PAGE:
In its 2025 citywide reassessment, Philadelphia has once again delayed issuing property reassessment notices past the certification deadline. Historically, some taxpayers have received value notices after the informal appeal deadline, making first-level appeal discussions impossible. Commercial property owners should consider filing appeals due to declining market conditions, potentially leading to significant tax savings.

Key Takeaways

  • Reassessment Announcement: Philadelphia has reassessed properties for 2025 but has delayed issuing notices
  • Impact on Property Owners: Delays and potential overvaluation mean property owners must be proactive in reviewing assessments
  • Appeal Opportunities: Informal First Level Review (FLR), which allows an opportunity to discuss value without the expense of an attorney and an appraisal, and the formal Board of Revision of Taxes (BRT) appeals are available, with the BRT deadline on October 7, 2024


Despite a March 31 certification deadline, the city of Philadelphia still has not released the new property values. This recurring issue has led to situations where property owners receive their assessment notices after the appeal deadline has passed, complicating their ability to challenge potentially inflated values. This year, with declining market conditions, it is especially important for commercial property owners to review their assessments closely and consider appealing to ensure their tax liabilities reflect current market realities.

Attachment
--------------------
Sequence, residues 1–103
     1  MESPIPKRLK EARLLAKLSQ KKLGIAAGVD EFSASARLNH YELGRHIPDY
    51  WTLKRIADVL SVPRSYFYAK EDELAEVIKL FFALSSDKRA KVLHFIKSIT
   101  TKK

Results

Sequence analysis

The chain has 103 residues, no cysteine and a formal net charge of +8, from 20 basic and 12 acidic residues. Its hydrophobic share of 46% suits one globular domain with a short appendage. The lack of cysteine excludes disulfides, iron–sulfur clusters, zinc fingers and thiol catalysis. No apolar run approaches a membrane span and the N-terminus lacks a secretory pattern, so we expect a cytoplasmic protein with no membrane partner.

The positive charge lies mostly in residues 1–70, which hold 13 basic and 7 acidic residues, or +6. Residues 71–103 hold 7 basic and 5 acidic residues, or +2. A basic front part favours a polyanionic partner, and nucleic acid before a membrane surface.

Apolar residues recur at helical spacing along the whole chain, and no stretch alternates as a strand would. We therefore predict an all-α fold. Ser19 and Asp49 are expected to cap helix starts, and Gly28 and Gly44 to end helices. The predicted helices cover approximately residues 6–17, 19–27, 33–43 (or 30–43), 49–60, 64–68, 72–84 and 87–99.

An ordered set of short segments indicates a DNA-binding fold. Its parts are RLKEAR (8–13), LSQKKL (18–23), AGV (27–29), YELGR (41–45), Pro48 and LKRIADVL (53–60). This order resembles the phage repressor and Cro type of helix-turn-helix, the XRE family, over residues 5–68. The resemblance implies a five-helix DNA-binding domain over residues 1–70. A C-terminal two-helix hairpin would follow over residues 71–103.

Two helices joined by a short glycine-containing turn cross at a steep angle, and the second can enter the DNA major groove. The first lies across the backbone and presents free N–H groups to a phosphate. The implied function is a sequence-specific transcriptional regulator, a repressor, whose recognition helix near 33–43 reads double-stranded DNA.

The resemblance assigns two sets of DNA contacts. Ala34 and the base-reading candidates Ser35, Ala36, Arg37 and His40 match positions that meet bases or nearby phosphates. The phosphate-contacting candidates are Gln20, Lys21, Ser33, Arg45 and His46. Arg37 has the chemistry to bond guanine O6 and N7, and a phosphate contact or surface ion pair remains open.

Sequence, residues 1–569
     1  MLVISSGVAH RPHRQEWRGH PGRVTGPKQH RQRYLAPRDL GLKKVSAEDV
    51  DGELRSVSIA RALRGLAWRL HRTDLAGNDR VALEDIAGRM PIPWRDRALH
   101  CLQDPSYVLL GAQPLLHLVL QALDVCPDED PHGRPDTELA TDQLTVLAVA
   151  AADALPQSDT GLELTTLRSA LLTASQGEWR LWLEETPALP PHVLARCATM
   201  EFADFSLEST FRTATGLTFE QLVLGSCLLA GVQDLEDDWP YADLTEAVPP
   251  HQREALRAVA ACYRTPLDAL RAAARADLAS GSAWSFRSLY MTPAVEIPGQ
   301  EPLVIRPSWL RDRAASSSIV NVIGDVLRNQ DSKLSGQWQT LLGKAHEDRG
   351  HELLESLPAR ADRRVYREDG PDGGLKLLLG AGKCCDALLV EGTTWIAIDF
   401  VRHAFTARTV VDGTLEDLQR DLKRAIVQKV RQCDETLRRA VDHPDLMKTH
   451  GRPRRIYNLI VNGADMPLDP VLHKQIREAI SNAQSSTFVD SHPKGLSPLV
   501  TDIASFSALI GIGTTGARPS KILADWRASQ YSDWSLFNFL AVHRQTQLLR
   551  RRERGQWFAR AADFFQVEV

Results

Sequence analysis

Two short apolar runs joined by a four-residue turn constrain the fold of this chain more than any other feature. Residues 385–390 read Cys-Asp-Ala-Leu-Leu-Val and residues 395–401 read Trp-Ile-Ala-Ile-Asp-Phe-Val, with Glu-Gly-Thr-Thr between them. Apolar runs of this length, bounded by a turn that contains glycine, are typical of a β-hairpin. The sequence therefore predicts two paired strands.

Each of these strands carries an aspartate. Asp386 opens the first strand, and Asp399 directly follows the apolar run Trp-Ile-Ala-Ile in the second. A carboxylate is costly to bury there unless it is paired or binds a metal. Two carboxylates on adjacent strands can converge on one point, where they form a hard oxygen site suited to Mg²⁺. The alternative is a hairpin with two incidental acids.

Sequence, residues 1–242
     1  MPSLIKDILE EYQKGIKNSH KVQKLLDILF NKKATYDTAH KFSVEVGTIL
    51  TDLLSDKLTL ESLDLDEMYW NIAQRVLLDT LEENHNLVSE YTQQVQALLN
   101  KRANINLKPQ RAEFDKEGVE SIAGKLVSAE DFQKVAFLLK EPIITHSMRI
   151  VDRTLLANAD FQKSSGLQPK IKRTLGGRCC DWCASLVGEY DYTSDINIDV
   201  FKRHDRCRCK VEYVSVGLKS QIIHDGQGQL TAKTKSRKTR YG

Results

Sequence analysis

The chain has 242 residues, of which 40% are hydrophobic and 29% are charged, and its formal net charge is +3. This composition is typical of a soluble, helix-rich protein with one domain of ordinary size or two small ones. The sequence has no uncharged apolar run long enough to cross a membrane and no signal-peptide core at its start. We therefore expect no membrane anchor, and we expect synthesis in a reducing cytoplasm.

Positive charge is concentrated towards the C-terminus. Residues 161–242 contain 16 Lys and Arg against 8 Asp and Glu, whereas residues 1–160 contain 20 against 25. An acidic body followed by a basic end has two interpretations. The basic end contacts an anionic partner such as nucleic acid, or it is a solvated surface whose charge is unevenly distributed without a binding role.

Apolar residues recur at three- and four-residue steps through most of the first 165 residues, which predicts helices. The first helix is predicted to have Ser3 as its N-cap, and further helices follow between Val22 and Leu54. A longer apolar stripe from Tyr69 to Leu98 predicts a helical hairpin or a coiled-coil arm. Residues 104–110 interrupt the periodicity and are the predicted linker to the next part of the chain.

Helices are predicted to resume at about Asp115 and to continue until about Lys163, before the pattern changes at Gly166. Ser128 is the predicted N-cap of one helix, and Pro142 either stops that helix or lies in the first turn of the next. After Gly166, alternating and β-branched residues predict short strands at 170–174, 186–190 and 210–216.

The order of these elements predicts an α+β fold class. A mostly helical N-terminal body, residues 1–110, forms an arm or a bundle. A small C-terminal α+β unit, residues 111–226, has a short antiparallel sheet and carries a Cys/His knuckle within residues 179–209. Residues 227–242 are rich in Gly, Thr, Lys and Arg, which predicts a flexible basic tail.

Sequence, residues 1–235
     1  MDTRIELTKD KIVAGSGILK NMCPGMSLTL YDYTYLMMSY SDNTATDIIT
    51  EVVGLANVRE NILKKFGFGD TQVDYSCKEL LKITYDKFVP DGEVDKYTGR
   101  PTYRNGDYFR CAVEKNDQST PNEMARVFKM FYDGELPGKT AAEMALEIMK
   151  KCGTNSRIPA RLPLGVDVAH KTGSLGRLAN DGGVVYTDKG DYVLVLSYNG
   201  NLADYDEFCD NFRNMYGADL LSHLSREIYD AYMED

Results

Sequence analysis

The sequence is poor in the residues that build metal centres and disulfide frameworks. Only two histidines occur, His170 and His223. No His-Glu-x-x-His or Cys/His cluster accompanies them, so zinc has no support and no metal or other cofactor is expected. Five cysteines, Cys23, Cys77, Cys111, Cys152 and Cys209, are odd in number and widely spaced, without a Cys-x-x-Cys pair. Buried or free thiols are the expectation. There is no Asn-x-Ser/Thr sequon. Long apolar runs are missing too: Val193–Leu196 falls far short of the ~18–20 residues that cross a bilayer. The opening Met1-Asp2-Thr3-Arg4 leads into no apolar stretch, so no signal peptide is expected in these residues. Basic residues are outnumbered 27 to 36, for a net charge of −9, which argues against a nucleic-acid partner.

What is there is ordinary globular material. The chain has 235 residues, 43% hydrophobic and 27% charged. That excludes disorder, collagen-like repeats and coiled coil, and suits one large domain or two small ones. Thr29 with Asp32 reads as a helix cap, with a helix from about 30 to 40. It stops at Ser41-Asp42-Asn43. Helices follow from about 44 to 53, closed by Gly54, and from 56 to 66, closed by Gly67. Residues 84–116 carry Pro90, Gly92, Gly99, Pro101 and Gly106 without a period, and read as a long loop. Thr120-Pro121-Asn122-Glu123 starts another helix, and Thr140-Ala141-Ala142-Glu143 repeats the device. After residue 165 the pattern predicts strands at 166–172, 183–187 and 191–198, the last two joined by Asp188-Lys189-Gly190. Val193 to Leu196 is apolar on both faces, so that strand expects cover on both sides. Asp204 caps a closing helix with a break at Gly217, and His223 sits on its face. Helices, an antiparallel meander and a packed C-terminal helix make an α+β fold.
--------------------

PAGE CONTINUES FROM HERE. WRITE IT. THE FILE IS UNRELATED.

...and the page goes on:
The Reassessment’s Impact

While the city has acknowledged that commercial properties, particularly in the office market, have lost value, it is not guaranteed that this will be reflected in new assessments. With the city facing over $1 billion in value from previously filed and settled appeals, budgetary pressures may result in inaccurate assessments. Property owners should be proactive to ensure that the new values are appropriate. Reducing taxable values will ultimately increase profitability.

Property Tax Implications for Businesses

For commercial property owners in Philadelphia, an advanced review and potential appeal can reduce real estate taxes, use and occupancy taxes, and Business Improvement District (BID) taxes. Property taxes are one of the largest line items of any company’s operating expenses, so availing yourself of this opportunity is one of the best ways to increase (or preserve) net operating income.

Pennsylvania Property Tax Expertise

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This website content should be used for general informational purposes only, and not as a substitute for consultation with professional tax, legal, or other competent advisors. Before making any decision or taking any action based upon information contained on this website, you should consult with a DMA professional.